:empty

The :empty CSS pseudo-class represents any element that has no children. Children can be either element nodes or text (including whitespace). Comments, processing instructions, and CSS content do not affect whether an element is considered empty.

Note: In Selectors Level 4 the :empty pseudo-class was changed to act like :-moz-only-whitespace, but no browser currently supports this yet.

/* Selects any <div> that contains no content */
div:empty {
  background: lime;
}

Syntax

:empty

Examples

HTML

<div class="box"><!-- I will be lime. --></div>
<div class="box">I will be pink.</div>
<div class="box">
	<!-- I will be pink in older browsers because of the whitespace around this comment. -->
</div>
<div class="box">
	<p><!-- I will be pink in all browsers because of the non-collapsible whitespace and elements around this comment. --></p>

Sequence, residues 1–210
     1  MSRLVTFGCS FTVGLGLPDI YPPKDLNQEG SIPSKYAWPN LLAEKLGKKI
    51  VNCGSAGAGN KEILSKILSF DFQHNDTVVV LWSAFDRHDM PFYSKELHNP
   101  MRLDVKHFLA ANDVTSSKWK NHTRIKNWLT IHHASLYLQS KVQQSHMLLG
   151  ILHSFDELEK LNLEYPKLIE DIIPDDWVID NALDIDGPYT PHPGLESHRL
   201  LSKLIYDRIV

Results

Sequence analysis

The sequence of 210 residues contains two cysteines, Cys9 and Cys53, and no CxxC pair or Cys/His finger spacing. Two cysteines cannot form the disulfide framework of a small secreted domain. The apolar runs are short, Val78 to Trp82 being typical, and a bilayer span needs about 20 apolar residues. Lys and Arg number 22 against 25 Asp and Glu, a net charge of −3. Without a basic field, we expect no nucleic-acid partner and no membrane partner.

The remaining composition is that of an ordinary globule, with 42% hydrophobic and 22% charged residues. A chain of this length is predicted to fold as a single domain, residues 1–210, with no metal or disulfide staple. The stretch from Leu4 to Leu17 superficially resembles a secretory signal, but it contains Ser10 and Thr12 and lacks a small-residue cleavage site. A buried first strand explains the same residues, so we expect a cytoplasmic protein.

</div>

CSS

.box {
  background: pink;
  height: 80px;
  width: 80px;
}

.box:empty {
  background: lime;
}

Result

Accessibility concerns

Assistive technology such as screen readers cannot parse interactive content that is empty. All interactive content must have an accessible name, which is created by providing a text value for the interactive control's parent element (anchors, buttons, etc.). Accessible names expose the interactive control to the accessibility tree, an API that communicates information useful for assistive technologies.

The text that provides the interactive control's accessible name can be hidden using a combination of properties that remove it visually from the screen but keep it parsable by assistive technology. This is commonly used for buttons that rely solely on an icon to convey purpose.

Specifications

Specification
Selectors Level 4 (Selectors 4)
# the-empty-pseudo

Browser compatibility

BCD tables only load in the browser

See also